The range of subjects you can shoot here is too long to just give you some tips about light or weather conditions: for example, you should look for incoming/outcoming storms when you decide to shoot some seascapes, while you should look for clear skies if your goal is to shoot the northern lights in the sky. Each nature phenomenon needs its own conditions to be captured at its best. Before you go on the location to shoot, think about what conditions you need in order to achieve the result you have in mind and to capture some images capable of evoking emotions.
3. How do You Evoke Emotions in Photography
As I already mentioned before, evoking emotions in photography is not an easy task.
Speaking about photography in general, we are naturally drawn to feel emphaty when we see people in pictures, since it’s easier for us to read the emotions and the feelings they express. So, a good way to evoke emotions through photography is to include people in your photos, possibly in a genuine and natural pose. Don’t force your models to express a specific feeling, since the result will probably look unnatural: rather help your subject to feel the emotion you are trying to get with your photos.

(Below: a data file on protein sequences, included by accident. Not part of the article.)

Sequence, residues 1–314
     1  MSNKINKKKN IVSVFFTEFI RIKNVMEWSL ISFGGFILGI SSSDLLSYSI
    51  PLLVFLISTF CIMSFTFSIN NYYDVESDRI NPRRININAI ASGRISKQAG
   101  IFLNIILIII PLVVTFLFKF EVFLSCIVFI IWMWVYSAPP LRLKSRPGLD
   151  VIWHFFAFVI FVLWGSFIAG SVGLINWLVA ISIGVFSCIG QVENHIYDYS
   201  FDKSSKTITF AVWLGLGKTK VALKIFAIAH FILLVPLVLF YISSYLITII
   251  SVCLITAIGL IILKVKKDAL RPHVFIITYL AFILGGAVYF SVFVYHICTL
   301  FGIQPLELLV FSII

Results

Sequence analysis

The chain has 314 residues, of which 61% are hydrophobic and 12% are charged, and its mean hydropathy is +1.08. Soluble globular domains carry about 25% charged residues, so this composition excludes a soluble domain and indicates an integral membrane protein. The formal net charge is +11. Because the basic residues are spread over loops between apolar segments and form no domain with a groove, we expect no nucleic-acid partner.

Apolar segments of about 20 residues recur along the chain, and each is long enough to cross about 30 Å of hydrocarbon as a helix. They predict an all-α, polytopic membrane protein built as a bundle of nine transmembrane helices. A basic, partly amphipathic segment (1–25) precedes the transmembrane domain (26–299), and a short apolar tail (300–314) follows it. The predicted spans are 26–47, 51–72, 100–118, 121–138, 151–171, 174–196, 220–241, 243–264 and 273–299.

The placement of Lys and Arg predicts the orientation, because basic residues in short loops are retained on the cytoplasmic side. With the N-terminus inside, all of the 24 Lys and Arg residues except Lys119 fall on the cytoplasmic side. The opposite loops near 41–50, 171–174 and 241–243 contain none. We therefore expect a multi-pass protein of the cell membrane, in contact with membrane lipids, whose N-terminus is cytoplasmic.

You can get good results also by shooting animals like pets, but it’ll be harder to snap a good shot compared to shooting people, since it’s less likely that they’ll help while “modelling” for you. Many of these shots are quite cliches, but they will still generate some kind of emotion in viewers. Dogs, cats, rabbits, etc, are all great subjects; a lens with a great bokeh will help you isolate the subject and focus the viewer’s attention on the animal.
Lastly, here we are with our beloved landscapes! Whether it’s a seascape, a cityscape, an abstract-scape, etc, the lack of a subject (person or animal) that clearly expresses his feelings is hard to replace. The only way to evoke emotions with these types of photography is planning a lot before the shot and know exactly what we want to achieve; it’s not luck, it’s not a casuality.